Kirkus Reviews (November 15, 2017)
Unrequited love is always a painful trip, especially if you’re a teenager who falls pretty far outside the popular crowd.Josh Shine is excellent at math, short, and outspoken—which means he doesn’t get along well with the popular people at his school. When he first sees Jenevieve Capistrano, he can’t imagine what Jena would ever see in him, but once they start serendipitously talking after her dad finds him in a tree, it turns out they have more in common than is evident at first glance. A comfortable friendship ensues, but Josh wants more—he just doesn’t know how to tell her. It’s hard for Josh to be her fallback friend, and it’s hard for his real friends to watch him bend over backward to please her. Descriptions give the impression of a mostly white cast of characters sharing the narrative, which bounces disconcertingly from point of view to point of view. While there is no new ground being explored in this book, Sheldon again proves herself adept at conveying the confusion and gnawing self-doubt that characterize the lives of teenagers, who are all trying to see themselves and one another as clearly as they can. A fairly sweet addition to a fairly crowded genre. (Fiction. 12-15)

About the Author

Dyan Sheldon is the author of many novels, including the #1 New York Times bestseller Confessions of a Teenage Drama Queen, which was made into a major motion picture. Her other books include The Crazy Things Girls Do for Love, One or Two Things I Learned About Love, and The Truth About My Success.

Dyan Sheldon was born in Brooklyn, New York, and now lives in North London. Her website is www.dyansheldon.co.uk

Around the Web

Just Friends on Amazon

Just Friends on Goodreads

Just Friends Publisher Page

Speak: The Graphic Novel by Laurie Halse Anderson

Spaek: The Graphic Novel by Laurie Halse Anderson. February 6, 2018. Farrar, Straus and Giroux Books for Young Readers, 374 p. ISBN: 9780374300289.  Int Lvl: 5-8; Rdg Lvl: 5.4.

The modern classic Speak is now a graphic novel.

“Speak up for yourself-we want to know what you have to say.”

From the first moment of her freshman year at Merryweather High, Melinda knows this is a big fat lie, part of the nonsense of high school. She is friendless–an outcast–because she busted an end-of-summer party by calling the cops, so now nobody will talk to her, let alone listen to her. Through her work on an art project, she is finally able to face what really happened that night: She was raped by an upperclassman, a guy who still attends Merryweather and is still a threat to her.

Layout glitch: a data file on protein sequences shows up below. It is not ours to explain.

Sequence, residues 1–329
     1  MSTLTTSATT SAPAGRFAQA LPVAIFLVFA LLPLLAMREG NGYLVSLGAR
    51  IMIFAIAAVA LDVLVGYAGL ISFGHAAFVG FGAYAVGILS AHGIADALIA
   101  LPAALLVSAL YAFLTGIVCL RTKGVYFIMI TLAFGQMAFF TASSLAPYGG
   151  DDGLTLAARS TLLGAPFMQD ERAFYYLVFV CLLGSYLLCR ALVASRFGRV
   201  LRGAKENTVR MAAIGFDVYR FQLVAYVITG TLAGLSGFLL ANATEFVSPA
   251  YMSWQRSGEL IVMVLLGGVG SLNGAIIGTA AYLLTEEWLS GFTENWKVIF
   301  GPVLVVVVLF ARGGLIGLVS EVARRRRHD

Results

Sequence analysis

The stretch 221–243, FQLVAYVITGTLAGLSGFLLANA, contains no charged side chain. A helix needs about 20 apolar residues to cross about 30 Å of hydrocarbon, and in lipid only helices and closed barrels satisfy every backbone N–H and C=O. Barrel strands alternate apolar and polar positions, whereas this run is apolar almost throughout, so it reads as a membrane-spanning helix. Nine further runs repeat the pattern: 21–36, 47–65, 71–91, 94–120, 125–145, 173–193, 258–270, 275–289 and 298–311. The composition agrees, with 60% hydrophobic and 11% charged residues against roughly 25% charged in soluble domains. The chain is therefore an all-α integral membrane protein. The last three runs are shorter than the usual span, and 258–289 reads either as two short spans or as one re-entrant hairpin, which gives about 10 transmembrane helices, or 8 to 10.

Potentially Sensitive Areas: Racial taunts, Violence, Underage drinking, Smoking, Negative attitudes toward differing mental abilities, Rape, Attempted sexual assault, Self-harm, Realities of mental illness and PTSD

 

Video Review

Reviews

Booklist starred (January 1, 2018 (Vol. 114, No. 9))
Grades 8-12. Anderson’s searing debut novel, Speak (1999), about Melinda, a high-school freshman dealing with the traumatic aftermath of rape, is filled with deep feeling, empowering triumph, and moments of startling horror. Not only is Melinda trying to forget her rape—a challenge when her rapist freely wanders the halls of their school—she’s flailing in her classes and an outcast among her peers, until an art-class assignment and some slow-building friendships give her the courage to speak up. Carroll, well-known for her horror comics, does an excellent job of bringing the vignettes of Anderson’s novel to the graphic format. In fine-lined grayscale artwork, Carroll powerfully evokes moods with creeping, smudgy shadows; faces with missing eyes and mouths; and jagged panel borders. Grasping hands reach down from tree branches until trees and hands are tumbled together in a juddering haystack of overlapping lines. Those moments are striking, but they’re even more striking when set against scenes of Melinda’s quiet, isolated day-to-day reality, as well as her gradual growth and steps toward recovery. Carroll strikes a deft balance, gracefully juggling the acute terror of Melinda’s rape, the pernicious paranoia that follows her in its wake, the swirling rumors and bullying surrounding her, and glimmering moments of hope and comfort. With spellbinding artwork, this exceptional adaptation masterfully does justice to its source material while adding new depth and nuance.

Kirkus Reviews starred (February 15, 2018)